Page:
Notes ban to sooth property prices, impact developers: Fitch
Prices of residential properties will fall and real estate sector will face the negative impact of demonetisation of Rs 500 and Rs 1,000 notes over the next 1-2 years, Fitch Ratings said Thursday.
New Delhi: Prices of residential properties will fall and real estate sector will face the negative impact of demonetisation of Rs 500 and Rs 1,000 notes over the next 1-2 years, Fitch Ratings said Thursday.
It said the negative impact is likely to be more pronounced on sales of higher-end, premium property which is targeted by high-net-worth individuals and investors, rather than entry-level housing targeted by first-time homebuyers which are more often purchased by salaried individuals with limited undeclared income.
"Indian government's recent move to demonetise currency notes of higher denominations is likely to have a negative impact on homebuilders, at least in the next 12-24 months. We expect residential property prices and property sales to fall, as consumers attempt to work out how best to declare their wealth," Fitch Ratings said in a statement.
India has a significant cash-based economy, and therefore considerable undeclared income in circulation, and the government's move is likely to severely curtail the use of any undeclared income which is usually retained in the form of cash or invested in property and gold, it said.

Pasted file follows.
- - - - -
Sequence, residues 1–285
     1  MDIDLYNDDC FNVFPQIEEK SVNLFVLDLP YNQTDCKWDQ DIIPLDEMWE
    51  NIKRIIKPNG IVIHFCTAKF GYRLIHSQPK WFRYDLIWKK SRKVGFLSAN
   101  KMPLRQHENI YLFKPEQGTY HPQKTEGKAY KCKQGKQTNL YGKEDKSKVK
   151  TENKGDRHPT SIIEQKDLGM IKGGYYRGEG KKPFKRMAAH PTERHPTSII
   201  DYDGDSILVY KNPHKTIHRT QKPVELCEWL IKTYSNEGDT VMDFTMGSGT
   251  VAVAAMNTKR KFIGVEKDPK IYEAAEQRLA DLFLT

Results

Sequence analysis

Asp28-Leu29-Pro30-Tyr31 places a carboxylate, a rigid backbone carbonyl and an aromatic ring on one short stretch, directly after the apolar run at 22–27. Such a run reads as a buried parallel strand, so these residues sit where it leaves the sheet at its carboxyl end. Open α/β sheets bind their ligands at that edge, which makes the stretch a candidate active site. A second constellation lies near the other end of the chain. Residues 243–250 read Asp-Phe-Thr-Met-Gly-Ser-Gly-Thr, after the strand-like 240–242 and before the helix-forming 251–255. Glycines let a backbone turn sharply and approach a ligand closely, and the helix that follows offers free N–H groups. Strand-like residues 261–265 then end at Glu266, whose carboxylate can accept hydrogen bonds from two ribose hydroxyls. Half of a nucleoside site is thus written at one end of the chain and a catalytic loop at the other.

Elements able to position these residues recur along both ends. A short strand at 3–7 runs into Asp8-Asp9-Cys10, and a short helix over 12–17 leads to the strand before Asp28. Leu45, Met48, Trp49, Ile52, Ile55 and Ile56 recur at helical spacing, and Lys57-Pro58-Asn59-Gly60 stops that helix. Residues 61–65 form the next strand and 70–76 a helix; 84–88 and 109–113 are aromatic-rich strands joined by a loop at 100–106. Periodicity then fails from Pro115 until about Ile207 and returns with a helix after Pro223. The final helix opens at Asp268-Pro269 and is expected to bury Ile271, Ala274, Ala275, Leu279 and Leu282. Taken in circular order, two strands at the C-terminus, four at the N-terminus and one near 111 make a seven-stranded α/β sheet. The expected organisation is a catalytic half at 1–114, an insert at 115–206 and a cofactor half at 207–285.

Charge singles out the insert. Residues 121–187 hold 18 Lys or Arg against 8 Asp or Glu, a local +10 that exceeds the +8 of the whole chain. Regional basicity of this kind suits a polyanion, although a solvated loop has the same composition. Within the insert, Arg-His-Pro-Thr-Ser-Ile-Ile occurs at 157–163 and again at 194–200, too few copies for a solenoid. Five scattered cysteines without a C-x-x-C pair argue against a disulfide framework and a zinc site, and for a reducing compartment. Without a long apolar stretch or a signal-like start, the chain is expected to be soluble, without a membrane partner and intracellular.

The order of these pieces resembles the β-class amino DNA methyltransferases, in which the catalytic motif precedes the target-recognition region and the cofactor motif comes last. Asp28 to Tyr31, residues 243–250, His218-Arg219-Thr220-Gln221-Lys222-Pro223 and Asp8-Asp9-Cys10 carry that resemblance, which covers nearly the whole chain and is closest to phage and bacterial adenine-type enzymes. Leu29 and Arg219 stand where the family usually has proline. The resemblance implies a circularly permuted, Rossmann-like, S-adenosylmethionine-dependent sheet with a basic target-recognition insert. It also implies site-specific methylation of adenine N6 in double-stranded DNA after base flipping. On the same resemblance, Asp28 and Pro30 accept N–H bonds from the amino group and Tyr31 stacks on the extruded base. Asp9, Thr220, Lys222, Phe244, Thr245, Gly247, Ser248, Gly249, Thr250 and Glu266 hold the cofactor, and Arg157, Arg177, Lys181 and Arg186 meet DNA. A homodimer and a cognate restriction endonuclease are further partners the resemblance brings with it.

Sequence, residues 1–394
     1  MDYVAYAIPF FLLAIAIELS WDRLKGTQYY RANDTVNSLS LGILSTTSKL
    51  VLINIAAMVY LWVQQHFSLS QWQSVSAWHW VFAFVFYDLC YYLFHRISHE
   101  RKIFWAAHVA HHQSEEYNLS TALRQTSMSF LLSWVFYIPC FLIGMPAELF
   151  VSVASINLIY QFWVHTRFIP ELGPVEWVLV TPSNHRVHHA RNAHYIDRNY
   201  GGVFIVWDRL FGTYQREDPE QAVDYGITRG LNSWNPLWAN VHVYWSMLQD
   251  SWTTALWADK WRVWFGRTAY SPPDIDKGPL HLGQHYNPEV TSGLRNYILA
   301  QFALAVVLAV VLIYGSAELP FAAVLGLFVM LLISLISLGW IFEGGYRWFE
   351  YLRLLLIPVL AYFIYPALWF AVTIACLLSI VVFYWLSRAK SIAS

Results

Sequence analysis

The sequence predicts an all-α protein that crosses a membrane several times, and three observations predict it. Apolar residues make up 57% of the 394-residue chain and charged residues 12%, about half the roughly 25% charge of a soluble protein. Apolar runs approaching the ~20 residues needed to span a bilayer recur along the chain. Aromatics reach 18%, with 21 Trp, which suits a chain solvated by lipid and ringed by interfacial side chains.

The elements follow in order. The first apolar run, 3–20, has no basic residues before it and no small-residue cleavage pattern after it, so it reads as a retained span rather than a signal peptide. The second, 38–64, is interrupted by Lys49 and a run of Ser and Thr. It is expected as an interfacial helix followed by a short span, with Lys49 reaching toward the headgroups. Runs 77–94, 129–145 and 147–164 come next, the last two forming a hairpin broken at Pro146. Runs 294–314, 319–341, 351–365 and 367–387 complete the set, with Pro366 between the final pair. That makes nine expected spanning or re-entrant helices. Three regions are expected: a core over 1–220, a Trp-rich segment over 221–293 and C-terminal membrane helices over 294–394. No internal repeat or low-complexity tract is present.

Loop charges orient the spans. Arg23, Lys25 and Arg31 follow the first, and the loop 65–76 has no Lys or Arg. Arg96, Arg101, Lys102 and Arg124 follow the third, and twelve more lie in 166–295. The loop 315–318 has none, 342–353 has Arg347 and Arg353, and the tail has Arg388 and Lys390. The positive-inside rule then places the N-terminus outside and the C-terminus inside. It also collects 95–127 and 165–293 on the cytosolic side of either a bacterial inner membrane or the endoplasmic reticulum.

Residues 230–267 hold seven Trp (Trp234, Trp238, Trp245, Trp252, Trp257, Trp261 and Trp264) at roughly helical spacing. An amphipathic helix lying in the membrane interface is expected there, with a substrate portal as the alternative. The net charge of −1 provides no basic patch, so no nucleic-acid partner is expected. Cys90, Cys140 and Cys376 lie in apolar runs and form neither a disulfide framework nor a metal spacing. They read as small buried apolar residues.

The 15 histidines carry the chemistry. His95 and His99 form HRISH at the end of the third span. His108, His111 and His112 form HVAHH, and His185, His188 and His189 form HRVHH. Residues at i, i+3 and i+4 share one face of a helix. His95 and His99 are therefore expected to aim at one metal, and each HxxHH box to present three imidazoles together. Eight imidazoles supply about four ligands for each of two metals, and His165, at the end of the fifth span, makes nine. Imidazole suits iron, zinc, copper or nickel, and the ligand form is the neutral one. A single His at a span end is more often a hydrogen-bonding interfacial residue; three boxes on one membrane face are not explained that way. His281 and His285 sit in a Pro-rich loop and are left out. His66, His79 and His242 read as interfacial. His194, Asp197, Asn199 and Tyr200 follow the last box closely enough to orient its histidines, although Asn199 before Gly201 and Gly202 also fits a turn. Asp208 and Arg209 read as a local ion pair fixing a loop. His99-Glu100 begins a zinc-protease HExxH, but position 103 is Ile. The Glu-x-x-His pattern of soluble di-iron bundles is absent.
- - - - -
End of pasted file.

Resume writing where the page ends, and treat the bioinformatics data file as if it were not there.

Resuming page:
"Therefore homebuilders with greater exposure to large- ticket premium property projects are likely to be the most affected. Furthermore, we expect homebuilders more exposed to projects in the National Capital Region (NCR) to be hit more than in other regions, because NCR is known to have a greater reliance on cash-based transactions," it said.
People having invalid notes of Rs 500 and Rs 1,000 denominations are required to either deposit them in their accounts or exchange them with new currency notes. Banks have already started issuing new currency notes of Rs 500 and Rs 2,000 denominations.
Fitch said the negative impact on cash collections of homebuilders such as Indiabulls Real Estate Ltd and Lodha Developers may be slow initially, because a considerable portion of their cash collections in the next three to six months is likely to stem from previously sold properties.
"However risks to these companies may increase, as consumers are likely to take more than a few months to adjust to the new environment. The pace of project execution across the wider real-estate sector may also experience a slowdown at least until the industry adjusts to the new paradigm," it said.
Project executions may be slower - particularly for new and existing projects that have a significant number of pending regulatory and local government approvals.
"However, we expect that the curtailing of undeclared wealth in the economy will be supportive of the real-estate sector over the longer term, as it is likely to improve affordability and bring about greater transparency."